Gender, Writing Self-Efficacy, and Help Seeking
James D. Williams, Seiji Takaku

This study was designed to examine gender, writing self-efficacy, and help seeking among undergraduates. The study spanned 8 years and involved 6 undergraduate cohorts (N= 671); 340 of the participants were international NESB students, and 331 were domestic native-English-speaking students. Data were collected at a liberal arts university in Southern California and included assessment of writing self-efficacy belief; reading scores based on the Gates-MacGinitie Reading Test, Level AR; an in-house writing test; SAT verbal and writing scores; frequency of help-seeking behavior; and composition grades. The results showed no gender differences with respect to writing self-efficacy belief but did show a significant gender difference with regard to writing performance. In addition, the results showed an inverse relation between writing self-efficacy and help-seeking behavior: Specifically, the international NESB students had lower self-efficacy scores than their domestic counterparts but sought help significantly more frequently. Furthermore, the international NESB students outperformed the domestic students in composition as measured by grades.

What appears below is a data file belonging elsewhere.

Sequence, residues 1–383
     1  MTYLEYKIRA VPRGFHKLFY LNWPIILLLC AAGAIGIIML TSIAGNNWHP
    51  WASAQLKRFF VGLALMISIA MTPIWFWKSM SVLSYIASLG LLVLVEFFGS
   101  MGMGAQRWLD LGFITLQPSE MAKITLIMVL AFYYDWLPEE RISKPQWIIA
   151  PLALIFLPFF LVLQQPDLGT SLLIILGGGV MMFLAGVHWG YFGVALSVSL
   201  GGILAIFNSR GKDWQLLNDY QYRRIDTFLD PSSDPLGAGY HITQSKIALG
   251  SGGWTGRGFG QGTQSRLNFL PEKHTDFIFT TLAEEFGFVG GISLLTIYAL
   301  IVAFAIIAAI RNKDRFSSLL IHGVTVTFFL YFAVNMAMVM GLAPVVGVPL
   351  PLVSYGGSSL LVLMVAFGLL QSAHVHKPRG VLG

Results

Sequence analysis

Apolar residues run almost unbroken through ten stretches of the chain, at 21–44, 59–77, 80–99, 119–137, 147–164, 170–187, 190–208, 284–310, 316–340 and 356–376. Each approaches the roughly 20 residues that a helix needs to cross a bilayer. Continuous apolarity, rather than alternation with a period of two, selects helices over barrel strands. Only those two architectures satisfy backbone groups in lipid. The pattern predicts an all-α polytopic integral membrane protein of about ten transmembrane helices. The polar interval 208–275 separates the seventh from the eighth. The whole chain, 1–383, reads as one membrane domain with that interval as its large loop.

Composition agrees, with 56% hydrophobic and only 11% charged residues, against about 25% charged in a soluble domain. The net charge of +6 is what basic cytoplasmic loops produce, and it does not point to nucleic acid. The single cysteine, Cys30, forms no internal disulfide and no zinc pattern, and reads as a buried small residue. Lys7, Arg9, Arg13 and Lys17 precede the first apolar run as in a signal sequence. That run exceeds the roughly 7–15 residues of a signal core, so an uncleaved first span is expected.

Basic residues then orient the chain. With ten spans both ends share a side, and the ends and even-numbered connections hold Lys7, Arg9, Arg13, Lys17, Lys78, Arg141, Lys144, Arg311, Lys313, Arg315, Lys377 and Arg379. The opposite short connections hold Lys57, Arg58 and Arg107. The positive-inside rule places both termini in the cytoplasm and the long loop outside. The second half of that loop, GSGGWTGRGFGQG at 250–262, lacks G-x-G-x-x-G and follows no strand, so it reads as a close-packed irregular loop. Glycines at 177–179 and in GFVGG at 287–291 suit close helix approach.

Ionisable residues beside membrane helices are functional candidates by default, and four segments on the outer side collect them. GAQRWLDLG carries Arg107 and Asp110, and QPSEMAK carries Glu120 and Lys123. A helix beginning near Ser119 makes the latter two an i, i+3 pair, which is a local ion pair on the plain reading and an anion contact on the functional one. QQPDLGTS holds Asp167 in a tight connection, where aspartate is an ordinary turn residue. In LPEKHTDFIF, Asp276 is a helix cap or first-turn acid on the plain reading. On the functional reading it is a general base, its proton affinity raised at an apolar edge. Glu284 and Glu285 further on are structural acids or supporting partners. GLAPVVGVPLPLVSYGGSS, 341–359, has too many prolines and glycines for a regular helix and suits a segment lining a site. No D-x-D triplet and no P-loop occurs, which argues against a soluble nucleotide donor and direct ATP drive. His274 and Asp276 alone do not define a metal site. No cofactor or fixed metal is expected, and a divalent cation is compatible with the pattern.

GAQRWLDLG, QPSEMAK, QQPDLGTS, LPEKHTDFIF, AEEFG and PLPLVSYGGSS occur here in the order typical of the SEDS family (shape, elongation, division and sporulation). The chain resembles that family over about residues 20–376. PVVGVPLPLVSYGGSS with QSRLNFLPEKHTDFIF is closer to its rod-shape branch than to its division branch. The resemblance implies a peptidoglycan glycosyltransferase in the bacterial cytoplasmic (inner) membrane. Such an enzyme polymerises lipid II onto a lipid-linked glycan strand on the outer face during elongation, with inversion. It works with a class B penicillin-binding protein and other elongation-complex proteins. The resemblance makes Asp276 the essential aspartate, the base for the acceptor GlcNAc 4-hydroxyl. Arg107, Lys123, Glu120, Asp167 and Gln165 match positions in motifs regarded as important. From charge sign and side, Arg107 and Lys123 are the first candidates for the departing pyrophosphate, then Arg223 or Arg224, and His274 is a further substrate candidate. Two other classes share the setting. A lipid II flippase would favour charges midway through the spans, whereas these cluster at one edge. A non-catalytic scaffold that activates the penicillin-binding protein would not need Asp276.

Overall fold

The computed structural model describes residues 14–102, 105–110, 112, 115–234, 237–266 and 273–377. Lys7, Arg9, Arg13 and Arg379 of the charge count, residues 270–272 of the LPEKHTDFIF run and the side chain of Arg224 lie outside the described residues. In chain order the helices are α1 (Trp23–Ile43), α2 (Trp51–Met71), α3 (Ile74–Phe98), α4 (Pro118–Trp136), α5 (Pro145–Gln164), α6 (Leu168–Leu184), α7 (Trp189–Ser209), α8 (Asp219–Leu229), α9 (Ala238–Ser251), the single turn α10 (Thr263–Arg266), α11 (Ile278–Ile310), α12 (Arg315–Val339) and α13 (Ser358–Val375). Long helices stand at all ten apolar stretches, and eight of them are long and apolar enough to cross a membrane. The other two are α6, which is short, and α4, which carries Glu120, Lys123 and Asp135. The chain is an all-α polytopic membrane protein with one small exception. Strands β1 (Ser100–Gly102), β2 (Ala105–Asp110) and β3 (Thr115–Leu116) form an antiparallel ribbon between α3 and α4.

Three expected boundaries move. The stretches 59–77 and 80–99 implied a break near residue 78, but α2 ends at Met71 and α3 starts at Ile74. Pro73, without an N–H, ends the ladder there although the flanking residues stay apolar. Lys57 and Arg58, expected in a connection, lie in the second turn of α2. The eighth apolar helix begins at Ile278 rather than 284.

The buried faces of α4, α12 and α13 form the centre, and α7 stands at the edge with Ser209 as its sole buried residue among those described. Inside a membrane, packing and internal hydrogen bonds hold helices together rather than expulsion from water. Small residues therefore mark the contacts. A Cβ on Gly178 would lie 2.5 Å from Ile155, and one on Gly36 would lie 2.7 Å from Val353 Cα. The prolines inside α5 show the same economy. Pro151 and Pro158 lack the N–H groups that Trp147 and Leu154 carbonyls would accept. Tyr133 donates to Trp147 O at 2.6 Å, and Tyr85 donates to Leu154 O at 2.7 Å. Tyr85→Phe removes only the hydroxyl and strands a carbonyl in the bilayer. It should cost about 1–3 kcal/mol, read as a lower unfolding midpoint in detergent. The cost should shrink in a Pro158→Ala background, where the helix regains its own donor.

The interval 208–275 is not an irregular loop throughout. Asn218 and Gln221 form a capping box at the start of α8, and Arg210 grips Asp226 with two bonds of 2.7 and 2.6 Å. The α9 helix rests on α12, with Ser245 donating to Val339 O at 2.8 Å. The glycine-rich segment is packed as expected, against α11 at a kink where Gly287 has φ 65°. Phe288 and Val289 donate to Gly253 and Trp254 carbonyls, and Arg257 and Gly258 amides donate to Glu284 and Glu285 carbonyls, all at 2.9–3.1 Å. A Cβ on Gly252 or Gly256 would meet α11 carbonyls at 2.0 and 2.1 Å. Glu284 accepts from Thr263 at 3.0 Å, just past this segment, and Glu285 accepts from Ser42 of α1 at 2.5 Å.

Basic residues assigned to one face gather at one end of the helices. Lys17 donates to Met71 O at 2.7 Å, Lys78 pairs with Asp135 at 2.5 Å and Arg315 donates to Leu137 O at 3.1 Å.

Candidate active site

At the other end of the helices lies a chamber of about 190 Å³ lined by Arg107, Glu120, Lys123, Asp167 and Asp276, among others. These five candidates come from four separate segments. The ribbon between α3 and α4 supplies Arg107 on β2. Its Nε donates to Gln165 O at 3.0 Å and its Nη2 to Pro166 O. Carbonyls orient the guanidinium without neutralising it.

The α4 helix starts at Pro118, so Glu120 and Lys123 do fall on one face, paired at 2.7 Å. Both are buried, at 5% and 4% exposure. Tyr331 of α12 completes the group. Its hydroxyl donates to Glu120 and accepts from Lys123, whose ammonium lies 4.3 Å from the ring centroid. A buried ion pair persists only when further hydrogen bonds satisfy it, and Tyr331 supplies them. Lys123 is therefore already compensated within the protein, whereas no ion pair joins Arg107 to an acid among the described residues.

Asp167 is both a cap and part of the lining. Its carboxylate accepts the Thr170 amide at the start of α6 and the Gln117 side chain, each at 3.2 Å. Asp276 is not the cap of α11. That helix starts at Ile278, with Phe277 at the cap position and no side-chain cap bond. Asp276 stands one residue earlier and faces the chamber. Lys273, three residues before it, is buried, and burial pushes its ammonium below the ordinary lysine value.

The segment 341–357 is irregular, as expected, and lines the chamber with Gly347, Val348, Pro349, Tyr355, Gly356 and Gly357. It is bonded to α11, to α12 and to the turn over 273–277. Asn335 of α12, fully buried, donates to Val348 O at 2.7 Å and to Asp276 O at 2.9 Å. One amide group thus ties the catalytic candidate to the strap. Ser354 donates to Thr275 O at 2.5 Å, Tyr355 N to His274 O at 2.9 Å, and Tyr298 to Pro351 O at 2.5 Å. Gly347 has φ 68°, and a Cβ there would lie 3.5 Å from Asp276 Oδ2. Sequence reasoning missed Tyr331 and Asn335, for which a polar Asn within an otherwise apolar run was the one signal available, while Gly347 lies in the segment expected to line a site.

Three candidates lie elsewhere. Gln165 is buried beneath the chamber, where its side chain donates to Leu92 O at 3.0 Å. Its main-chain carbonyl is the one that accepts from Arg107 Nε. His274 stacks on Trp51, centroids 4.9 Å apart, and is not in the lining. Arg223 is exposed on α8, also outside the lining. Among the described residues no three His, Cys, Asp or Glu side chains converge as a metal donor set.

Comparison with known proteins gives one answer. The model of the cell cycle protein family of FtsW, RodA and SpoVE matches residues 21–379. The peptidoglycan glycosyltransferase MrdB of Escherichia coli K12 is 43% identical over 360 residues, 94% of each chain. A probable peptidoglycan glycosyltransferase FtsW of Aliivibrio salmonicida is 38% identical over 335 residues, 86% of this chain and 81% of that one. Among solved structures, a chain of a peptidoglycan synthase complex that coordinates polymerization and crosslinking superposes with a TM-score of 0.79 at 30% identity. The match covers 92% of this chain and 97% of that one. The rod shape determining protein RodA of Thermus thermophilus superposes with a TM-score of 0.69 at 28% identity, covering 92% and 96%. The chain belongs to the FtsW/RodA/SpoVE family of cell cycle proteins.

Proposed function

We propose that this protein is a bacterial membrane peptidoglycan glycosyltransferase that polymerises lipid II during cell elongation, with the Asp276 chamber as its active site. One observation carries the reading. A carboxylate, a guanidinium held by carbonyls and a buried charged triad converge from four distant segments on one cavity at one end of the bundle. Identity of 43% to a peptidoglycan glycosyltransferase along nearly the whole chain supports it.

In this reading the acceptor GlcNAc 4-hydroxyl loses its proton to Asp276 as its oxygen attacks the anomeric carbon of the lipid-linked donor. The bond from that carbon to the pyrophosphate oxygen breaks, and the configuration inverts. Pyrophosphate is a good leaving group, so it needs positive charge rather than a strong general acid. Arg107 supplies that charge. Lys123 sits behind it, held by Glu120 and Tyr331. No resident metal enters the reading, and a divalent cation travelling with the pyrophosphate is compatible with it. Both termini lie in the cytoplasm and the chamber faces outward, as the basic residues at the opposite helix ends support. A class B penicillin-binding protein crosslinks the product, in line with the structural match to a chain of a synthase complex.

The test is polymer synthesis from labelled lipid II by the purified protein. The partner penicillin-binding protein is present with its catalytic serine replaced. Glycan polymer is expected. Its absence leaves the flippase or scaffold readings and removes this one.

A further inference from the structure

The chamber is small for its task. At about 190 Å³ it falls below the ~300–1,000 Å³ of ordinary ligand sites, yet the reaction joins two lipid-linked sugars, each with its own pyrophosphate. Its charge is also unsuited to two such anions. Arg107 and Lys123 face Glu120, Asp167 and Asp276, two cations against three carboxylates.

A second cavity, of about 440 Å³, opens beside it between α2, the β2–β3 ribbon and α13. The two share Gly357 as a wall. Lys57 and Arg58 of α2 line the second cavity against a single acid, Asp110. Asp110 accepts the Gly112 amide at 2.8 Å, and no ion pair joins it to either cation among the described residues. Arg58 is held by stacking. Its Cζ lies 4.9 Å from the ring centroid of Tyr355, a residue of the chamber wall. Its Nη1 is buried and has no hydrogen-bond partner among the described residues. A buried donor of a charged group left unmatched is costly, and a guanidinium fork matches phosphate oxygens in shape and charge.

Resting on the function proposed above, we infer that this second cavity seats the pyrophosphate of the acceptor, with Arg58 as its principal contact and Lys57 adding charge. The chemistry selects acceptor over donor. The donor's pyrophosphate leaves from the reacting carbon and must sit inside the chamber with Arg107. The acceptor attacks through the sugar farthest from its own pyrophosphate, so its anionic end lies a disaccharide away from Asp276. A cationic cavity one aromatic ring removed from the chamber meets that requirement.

Full Text: PDF

Copyright © 2014 - 2024 The Brooklyn Research and Publishing Institute. All Rights Reserved.
Brooklyn, NY 11210, United States